Objective: To determine which test would yield the most useful clinical data in evaluation of irritable bowel syndrome (IBS).
Methods: One hundred ninety-six patients who met the International Congress of Gastroenterology criteria for irritable bowel syndrome were prospectively evaluated with hematological, biochemical, and metabolic laboratory testing, as well as a structural evaluation of the colon.
Results: complete blood count, sedimentation rate (ESR), serum chemistries, thyroid profile, and urinalysis were normal or yielded no useful clinical information. Stool examinations for parasites were also normal. Structural evaluations (barium enema, x-ray, and flexible sigmoidoscopy or colonoscopy) revealed abnormalities, including colon cancer (1), polyps (9), colitis (1), melanosis coli (2), diverticulosis (17), and hemorrhoids (11). Forty-eight subjects (25.8%) had lactose maldigestion confirmed by H2 breath lactose testing. Prior to formal testing, 25 (52%) of these subjects were unaware of the relationship between lactose-containing foods and their symptoms.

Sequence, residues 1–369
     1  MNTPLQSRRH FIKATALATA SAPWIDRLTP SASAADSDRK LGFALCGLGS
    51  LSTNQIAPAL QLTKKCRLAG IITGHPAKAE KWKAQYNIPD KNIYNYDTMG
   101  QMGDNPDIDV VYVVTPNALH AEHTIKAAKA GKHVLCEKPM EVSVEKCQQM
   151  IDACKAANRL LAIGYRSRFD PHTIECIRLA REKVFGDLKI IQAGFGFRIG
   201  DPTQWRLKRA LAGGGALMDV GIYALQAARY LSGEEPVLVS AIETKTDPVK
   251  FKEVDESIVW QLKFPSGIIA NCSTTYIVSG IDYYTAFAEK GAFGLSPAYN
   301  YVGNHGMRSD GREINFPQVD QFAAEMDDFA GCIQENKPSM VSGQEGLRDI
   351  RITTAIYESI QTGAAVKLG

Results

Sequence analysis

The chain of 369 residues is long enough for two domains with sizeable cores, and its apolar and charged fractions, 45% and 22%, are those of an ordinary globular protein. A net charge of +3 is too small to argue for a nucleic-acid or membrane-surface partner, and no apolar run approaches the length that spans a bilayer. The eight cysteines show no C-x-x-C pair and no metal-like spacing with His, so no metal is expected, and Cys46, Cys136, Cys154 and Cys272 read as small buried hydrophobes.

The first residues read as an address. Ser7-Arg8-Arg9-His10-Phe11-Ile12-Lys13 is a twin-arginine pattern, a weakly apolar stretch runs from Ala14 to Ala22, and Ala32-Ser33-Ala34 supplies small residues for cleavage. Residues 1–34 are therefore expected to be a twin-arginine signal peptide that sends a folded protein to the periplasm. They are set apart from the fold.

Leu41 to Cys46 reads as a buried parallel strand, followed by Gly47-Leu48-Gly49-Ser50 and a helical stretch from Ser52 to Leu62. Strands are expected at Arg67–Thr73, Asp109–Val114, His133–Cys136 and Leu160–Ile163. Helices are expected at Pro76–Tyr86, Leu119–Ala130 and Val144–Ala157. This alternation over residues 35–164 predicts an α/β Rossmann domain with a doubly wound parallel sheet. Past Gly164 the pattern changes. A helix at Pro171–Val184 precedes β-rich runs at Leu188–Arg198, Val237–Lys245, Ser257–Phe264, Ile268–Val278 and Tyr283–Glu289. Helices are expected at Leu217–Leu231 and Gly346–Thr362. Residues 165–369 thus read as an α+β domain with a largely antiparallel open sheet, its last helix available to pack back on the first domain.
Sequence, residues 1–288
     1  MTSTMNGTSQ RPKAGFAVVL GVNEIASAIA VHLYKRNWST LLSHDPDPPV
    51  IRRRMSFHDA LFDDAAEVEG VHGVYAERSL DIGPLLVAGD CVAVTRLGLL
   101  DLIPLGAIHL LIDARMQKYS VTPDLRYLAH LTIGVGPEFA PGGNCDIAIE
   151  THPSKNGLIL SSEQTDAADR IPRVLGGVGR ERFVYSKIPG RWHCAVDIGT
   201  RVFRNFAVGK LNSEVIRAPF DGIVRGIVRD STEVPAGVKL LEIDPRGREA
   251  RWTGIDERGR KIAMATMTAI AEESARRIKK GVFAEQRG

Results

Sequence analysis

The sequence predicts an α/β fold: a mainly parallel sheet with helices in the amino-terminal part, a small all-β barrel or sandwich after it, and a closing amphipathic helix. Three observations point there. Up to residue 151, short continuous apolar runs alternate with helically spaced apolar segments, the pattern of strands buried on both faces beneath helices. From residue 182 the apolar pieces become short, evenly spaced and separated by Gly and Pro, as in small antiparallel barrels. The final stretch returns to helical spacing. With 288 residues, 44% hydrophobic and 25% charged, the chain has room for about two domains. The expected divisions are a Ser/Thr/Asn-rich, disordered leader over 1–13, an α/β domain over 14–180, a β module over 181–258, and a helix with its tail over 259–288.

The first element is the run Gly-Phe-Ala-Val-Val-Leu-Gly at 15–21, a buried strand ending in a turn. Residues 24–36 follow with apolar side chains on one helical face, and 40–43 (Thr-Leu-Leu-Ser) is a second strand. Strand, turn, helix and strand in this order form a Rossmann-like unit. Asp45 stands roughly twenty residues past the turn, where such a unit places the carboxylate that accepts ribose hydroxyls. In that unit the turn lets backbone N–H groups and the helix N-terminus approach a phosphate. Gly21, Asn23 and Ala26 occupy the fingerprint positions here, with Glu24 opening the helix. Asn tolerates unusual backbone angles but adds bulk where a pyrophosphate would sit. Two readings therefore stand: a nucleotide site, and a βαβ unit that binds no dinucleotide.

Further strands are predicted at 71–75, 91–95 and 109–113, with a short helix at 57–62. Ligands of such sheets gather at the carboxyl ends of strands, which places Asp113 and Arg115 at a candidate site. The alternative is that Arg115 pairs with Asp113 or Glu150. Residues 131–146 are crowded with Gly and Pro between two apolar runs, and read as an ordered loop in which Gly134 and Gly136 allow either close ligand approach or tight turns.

Conclusions: 1) ESR, thyroid profiles, and parasite examinations had no diagnostic yield in this study and, without specific clinical indication from history and physical examination, should not be part of the "routine" IBS evaluation. 2) Lactose hydrogen breath testing is encouraged for patients with and without milk intolerance who present with IBS.